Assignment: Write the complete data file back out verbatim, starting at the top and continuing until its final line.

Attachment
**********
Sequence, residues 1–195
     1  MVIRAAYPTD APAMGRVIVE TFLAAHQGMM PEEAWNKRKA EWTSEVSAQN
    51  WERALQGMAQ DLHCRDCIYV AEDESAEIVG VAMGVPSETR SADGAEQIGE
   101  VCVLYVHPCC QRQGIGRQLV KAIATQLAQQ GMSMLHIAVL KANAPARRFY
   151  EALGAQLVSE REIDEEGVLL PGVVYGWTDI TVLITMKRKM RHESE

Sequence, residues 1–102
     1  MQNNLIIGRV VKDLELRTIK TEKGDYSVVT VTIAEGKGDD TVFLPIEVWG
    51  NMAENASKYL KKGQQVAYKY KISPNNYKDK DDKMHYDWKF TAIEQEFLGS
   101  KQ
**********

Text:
Sequence, residues 1–195
     1  MVIRAAYPTD APAMGRVIVE TFLAAHQGMM PEEAWNKRKA EWTSEVSAQN
    51  WERALQGMAQ DLHCRDCIYV AEDESAEIVG VAMGVPSETR SADGAEQIGE
   101  VCVLYVHPCC QRQGIGRQLV KAIATQLAQQ GMSMLHIAVL KANAPARRFY
   151  EALGAQLVSE REIDEEGVLL PGVVYGWTDI TVLITMKRKM RHESE

Sequence, residues 1–102
     1  MQNNLIIGRV VKDLELRTIK TEKGDYSVVT VTIAEGKGDD TVFLPIEVWG
    51  NMAENASKYL KKGQQVAYKY KISPNNYKDK DDKMHYDWKF TAIEQEFLGS
   101  KQ